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Lecture 18

BIO240H Lecture 18.doc

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Department
Biology
Course Code
BIO120H1
Professor
Jennifer Harris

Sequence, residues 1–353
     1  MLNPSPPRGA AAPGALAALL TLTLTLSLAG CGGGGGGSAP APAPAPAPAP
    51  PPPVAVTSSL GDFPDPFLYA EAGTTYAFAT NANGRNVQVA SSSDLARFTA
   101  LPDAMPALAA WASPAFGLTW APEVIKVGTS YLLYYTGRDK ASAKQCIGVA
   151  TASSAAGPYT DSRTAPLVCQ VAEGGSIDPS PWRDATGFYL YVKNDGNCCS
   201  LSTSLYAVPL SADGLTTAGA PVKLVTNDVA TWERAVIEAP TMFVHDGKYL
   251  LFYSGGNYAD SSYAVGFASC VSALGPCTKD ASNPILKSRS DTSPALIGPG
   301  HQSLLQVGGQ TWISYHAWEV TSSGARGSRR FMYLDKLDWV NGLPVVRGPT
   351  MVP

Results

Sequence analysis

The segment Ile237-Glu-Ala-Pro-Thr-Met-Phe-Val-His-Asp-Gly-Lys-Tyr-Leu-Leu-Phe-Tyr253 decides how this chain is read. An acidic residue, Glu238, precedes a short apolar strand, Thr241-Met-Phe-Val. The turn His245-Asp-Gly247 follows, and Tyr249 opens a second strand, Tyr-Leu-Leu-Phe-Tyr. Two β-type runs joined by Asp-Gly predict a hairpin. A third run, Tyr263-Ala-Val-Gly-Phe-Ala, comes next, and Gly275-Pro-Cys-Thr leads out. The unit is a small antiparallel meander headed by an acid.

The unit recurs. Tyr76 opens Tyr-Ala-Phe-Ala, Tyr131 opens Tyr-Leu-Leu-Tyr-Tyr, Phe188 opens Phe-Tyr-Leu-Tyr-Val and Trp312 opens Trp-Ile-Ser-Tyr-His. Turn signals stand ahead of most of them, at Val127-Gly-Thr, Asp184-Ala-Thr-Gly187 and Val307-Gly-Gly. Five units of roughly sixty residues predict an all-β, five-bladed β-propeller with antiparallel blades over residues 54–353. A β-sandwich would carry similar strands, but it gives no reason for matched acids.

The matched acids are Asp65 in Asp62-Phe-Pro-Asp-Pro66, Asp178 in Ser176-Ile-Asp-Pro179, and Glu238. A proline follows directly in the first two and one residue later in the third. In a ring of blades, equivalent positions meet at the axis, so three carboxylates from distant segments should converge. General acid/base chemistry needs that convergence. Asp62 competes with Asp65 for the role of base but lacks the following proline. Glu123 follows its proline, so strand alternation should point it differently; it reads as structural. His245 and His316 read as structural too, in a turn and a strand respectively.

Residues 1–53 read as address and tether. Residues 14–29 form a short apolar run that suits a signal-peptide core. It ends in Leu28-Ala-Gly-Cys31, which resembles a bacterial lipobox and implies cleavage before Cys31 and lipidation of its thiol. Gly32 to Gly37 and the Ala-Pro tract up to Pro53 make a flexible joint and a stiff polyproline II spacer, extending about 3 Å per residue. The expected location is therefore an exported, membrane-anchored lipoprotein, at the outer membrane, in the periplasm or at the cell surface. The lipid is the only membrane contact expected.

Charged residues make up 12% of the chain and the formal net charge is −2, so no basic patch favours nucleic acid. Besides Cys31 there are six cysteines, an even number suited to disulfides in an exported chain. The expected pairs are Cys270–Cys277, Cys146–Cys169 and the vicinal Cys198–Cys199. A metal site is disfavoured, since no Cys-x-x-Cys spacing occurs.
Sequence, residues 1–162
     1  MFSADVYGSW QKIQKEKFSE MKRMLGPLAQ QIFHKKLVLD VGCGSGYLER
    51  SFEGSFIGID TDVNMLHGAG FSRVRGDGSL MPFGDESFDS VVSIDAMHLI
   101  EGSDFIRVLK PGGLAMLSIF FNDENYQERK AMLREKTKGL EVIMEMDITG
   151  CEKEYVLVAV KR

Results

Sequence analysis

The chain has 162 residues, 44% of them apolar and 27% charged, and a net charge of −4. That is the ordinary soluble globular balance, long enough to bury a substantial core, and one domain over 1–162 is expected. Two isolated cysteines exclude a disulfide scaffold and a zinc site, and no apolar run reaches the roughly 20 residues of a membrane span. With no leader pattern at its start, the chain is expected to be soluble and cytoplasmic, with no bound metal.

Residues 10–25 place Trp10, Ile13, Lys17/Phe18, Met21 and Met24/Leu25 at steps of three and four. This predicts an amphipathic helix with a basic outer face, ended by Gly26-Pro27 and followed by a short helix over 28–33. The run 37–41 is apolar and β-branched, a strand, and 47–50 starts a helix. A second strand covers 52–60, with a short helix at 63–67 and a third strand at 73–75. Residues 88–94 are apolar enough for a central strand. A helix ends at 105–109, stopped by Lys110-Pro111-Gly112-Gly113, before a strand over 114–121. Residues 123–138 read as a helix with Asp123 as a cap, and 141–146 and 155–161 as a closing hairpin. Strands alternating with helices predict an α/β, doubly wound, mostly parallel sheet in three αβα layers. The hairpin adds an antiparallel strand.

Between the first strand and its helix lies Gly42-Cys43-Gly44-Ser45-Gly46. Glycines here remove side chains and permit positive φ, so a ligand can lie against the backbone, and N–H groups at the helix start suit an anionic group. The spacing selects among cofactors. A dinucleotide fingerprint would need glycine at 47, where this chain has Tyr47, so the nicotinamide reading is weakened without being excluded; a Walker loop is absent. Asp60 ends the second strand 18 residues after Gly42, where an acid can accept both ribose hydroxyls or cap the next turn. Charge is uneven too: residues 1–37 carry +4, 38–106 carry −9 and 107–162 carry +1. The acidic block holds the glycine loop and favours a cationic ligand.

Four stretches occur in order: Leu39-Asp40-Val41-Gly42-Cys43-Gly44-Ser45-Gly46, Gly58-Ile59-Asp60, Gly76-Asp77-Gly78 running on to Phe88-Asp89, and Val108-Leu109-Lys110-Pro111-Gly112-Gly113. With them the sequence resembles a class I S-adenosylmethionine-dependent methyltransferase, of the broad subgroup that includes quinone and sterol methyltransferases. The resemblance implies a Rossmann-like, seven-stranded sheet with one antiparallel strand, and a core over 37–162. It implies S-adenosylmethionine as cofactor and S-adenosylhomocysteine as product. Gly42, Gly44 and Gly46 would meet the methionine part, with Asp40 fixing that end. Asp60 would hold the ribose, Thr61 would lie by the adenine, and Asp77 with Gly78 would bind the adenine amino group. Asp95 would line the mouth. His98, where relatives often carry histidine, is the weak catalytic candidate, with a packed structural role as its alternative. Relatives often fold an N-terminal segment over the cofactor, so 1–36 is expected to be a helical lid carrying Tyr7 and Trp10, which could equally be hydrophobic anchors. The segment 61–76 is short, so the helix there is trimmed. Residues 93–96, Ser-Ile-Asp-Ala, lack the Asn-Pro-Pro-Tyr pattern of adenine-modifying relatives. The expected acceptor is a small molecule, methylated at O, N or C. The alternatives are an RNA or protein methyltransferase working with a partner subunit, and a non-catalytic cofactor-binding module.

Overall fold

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Lecture 6: Eukaryotic Transcriptional Regulation I Slide 1 - Today we talk about proteins involved in chromatin. We have a shopping list of crap to go through, revisit prokaryotic and eucaryotic transcription, talk about activator proteins. We aren’t actually going to get the latter part and that will be in the next lecture. Slide 2 Slide 3 Is packaged into chromatin Is unable to initiate transcription on its own Act at a distance residing - Now he comes back and makes this statement telling the truth, peeling away the onion and seeing the complexity that resides. There are 5 different points that underlie differences and complexity between bacteria and eucaryotic gene regulation. There are actually 6 different points but in the textbook they only mention 5, the sixth one is the nucleus so that’s another possibility for regulation and that’s an important point. - Point number 3 is probably something that is evident to us, there is a lot of DNA in eucaryotes. We know there are a # of contexts under which many genes must function – where a gene must be on in your lung at some time during development and then in your brain at another point in development. One of his favorite examples is housekeeping genes in animals function throughout the body giving rise to enzymes that have housekeeping functions like enzymes involved in glycolysis. Some of those same proteins are transcribed at a huge amount resulting in a huge amount being made and they make up the lens of your eye. There must be differential levels of regulation and must occur in different cell types so it implies that the switches that reside next to a gene that say transcribe here or transcribe this amount, must be pretty large at least to bacterial sequences. This is point 3, eucaryotic gene regulatory sequences act at a distance, thousands of nucleotides away from the minimal promoter sometimes therefore many possible regulatory sequences can reside in between. Slide 4 - The first is that we have nuclear import as a possibility from gene regulation, not talked about in the textbook b/c it’s separated nuclear import from gene regulation. The first one is that once you get into the nucleus, you have chromatin so eucaryotic DNA is packaged into chromatin and as we seeing the remainder of the lecture that provides regulation opportunities that aren’t available to bacteria. Because of the way gene regulatory proteins function, the sequence specific DNA binding proteins bind at specific regions, read the DNA sequence, bind to these motifs and they affect the histone code themselves. It is these sequence specific DNA binding proteins and their interaction that is going to remodel chromatin, an opportunity that just doesn’t exist for bacterial gene regulation. Slide 5 - Point number 2 is that eucaryotic RNA polymerase II which makes RNA is unable to initiate transcription on its own, it's a wuss and can’t do its own job, needs helpers and we know that from Professor Chang’s lectures. We know RNA polymerase II needs a set of general transcription factors and therefore we have multiple steps available depending on which transcription factors are there, the rate at which they are recruited, the rate at which they get retained in the complex will determine ultimately the ability to initiate and sustain transcription. - This is going back to Professor Chang’s lectures: remember there are many rate limiting steps not the least of which is that enzymatic reaction are catalyzed by components of basal transcription machinery and as an example; the phosphorylation of polymerase II by transcription factor 2H and this coupled with the availability of those transcription factors and the ability to recruit them is going to provide as the slide says. - A number of rate limiting steps that can function as transcription control mechanisms. He wants to underline the fact that it can control the timing and localization of initiation, the extent to which expression occurs (lot of transcription or a little) and the duration to which it is sustained. - The importance of assembling everything together is point number 2. Slide 6 Control gene expression from a distance - Let’s take a look at the implications related to point 3. - This serves an important function not only to provide a number of switches near a coding sequence, doesn’t have to be upstream, it also ensures that protein-protein interactions can occur by having things at a distance b/c DNA isn’t perfectly bendy, it is flexible but not great. If you tether two proteins to a stretch of DNA shown by the white circle and the red circle, and the DNA is shown in red is that red line. If we tether those two proteins having them between 500 to 5kbases apart, they can interact with a high degree of frequency because DNA is that bendy. - This is shown nicely in the upper and bottom panels. The top panel shows 2 proteins tethered to DNA and the blue cloud that is around it indicates the frequency of interaction – can see that there is a high degree of interaction right adjacent to each other in this cloud. If we tether the two proteins only 100 base pairs apart, there seems to be a zone of exclusion there because DNA can’t bend back that tightly on itself. - This can be captured in a graph showing things drop off precipitously certainly under a 100 ties apart, then there’s an optimal length around 750 nucleotides apart where proteins can interact with each other with a high degree of frequency. - So binding of proteins to different sites on DNA will cause interaction frequencies to increase as you reach this optimal distance. So the intensity of the blue cloud indicates the likelihood of collision and the frequency of collision is increased down to 100 bp after which collisions are restricted. - Also multiples of ten base pairs are important and why? They are important because they place them on the same side on the double helix, putting them in the major groove. We tend to find that spaces between binding sites are in multiples of ten. - We have the capacity for proteins to bind at a distance that function to regulate the function of RNA polymerase II at the minimal promoter. Slide 7 Control gene expression from a distance - Captured beautifully in this slide from the old textbook and we can see the binding at a gene regulatory site by an activator protein and we see the gene expression is controlled from a distance that can be hundreds to thousands of base pairs away from that minimal promoter where the TATA box is. - The role that it's playing in this regard is to recruit additional proteins to the minimal promoter to actually activate gene expression. - What are the sequences that are there? Slide 8 Promoter and regulatory DNA sequence Upstream and downstream of coding sequences Gene binding proteins - These gene regulatory sequences comprise: the minimal promoter + additional gene regulator sequences. - We’ve learned about the minimal promoter already (TATA box & surrounding plot) that allow RNA polymerase to bind and do its job. - But we need in addition to that are sites that recruit gene regulatory proteins. Most of them are upstream of the minimal promoter but holy crap look there’s one downstream too, not only downstream of the TATA box but actually downstream of the whole coding sequence. This tells us that gene regulatory sequences can reside both upstream and downstream of the coding sequence. - How could that be true? How can you have gene regulation occurring backwards? It's always 5’ to 3’. How can you have gene regulatory sites downstream and functioning in a promoting capacity? Remember DNA is arranged in a 3D structure and chromatin, something we think of as linear for downstream, may in fact in terms of chromatin be right next door. The gene regulatory protein may actually be right beside it and what we want to do is to change the local structure of chromatin around there so RNA polymerase can get on and do its job. - Not only is it downstream or upstream, it can be in introns as well. Introns (junk DNA) can have regulatory gene sequences there, it can function in important/crucial gene regulatory role as we will see in the next lecture. - All of these are target binding sites for gene binding proteins. Movie - We’re looking inside a cell – zoom into nucleus, look at DNA and a minimal promoter to start with. TATA binding proteins bind to TATA box. DNA is bending, & very slowly it is going to recruit basal transcription factors and eventually RNA polymerase II. Eventually the DNA will unwind slowly. Eventually RNA polymerase will do its job. - This is a very simplified version of what’s truly happens b/c what need next door are activator proteins binding elsewhere in the DNA and they will eventually recruit the TATA binding proteins. The subsidiary transcription factors come and here we go again. - This takes us to the end of point 3. Slide 9 - Recall that eucaryotic genes are not organized into operons – they are individual genes, gene regulatory region, coding sequence and that’s how they function. They can be co-regulated, that is they are transcribed at the same time but they are never located right next to each other to create a polysystronic message – no operons so independent regulation. - Let’s take a look at those gene regulatory proteins that do the job. Slide 10 Modular - He wants to focus on eucaryotic gene activator proteins. The same is a little true for repressor proteins but some themes are different. - Tend to be modular in structure – this means they have different modules, all one protein, 2 different bits to the module like having an arm up there and a leg down there. They are all part of the whole but perform different functions. - For transcriptional activator proteins, they have a DNA binding domain that binds to a recognition site and a transcriptional activation domain. These two domains can be completely separated from each other and their functions shown separately. - Let’s show an experiment in the bottom two panels. What we’ve got in this example is the Gal4 protein with its DNA binding domain which can bind to a recognition site, the activation domain is able to activate transcription at the minimal promoter and turn on a particular reporter gene, lac Z in this particular instance. - If we take the transcriptional activation domain and create a fusion protein with a different DNA binding domain, it no longer is able to bind to its binding site and obviously doesn’t turn the corresponding downstream gene on. - If by contrast we fuse it again to a different DNA binding domain but then make that DNA binding domain available on a stretch of DNA upstream of a minimal promoter, the transcriptional activation activity is able to be recruited to a new site, the one bound by lac A in this instance, activate gene transcription and turn on the lac Z gene. Slide 11 - So what is it doing when it's doing that? That activation domain is increasing relatively weak and nonspecific interactions between the DNA and RNA polymerase holoenzyme. It's grabbing the RNA polymerase holoenzyme and saying you need to be here. It increases it up to a thousand fold, that interaction. It can do this by recruiting specific members of the basal transcription machinery and a really important protein complex that is your blank on the next slide. - It can do this by recruiting the mediator protein complex. The mediator protein complex is a multi-protein complex, 20 different proteins that function to assemble the pre-initiation complex of RNA polymerase II at the minimal promoter. - That’s shown nicely in two slides. Slide 12 The mediator - This is the figure from last year: here is the transcriptional activation protein bound to its activation site with the activation domain and it will recruit through protein-protein interactions, the mediator which then assembles the RNA polymerase II transcriptional apparatus at the minimal promoter. - This year, it shows 4 different protein complexes coordinating the mediator at the same site. It shows how all these different gene regulatory sequences can reinforce the interaction of RNA polymerase II with the minimal promoter. Slide 13 - What else is going on at that point in time? Recruitment of our old friends, the chromatin remodeling complex which can increase accessibility to the TATA box just by remodeling the nucleosomes. It can remove the nucleosomes altogether resulting in great interaction with the TATA box. It can change the histones that are present in the nucleosomes again increasing the interactions with TATA box and finally it can recruit histone modifying enzymes that can modify the histone code. - That is our focus for the final point. Slide 14 Lysine Neutrally Repel/Disassociate - This takes us back to our histone code. Recall there are multiple sites for post transcriptional modification along the amino terminal tail. Recall that histones can be acetylated on their amino terminal tails – on the lysine residues making them more neutral. And resulting (and he doesn’t like the textbook’s saying) in repelling of DNA from the histone proteins – it's not really repelling, it's just not associating as well so it's looser not really pushing apart per say, it's just not as tightly bound. The ultimate result is that you end up with an alteration of the histone code resulting in gene expression. - He wants to walk through an example in the last bit. Slide 15 - Imagine we have a nucleosome, we recruit a DNA binding protein to it, and that DNA binding protein can do a # of things itself – recruit rewriter proteins, recruit acetyl transferase, recruit histone kinase, adding acetyl groups and phosphate groups to the histone which are then recognized by chromatin remodeling reader proteins, TFIID & we end up with initiation of transcription. Slide 16 - This is a flow chart of what he’s been talking about. - What happens with tra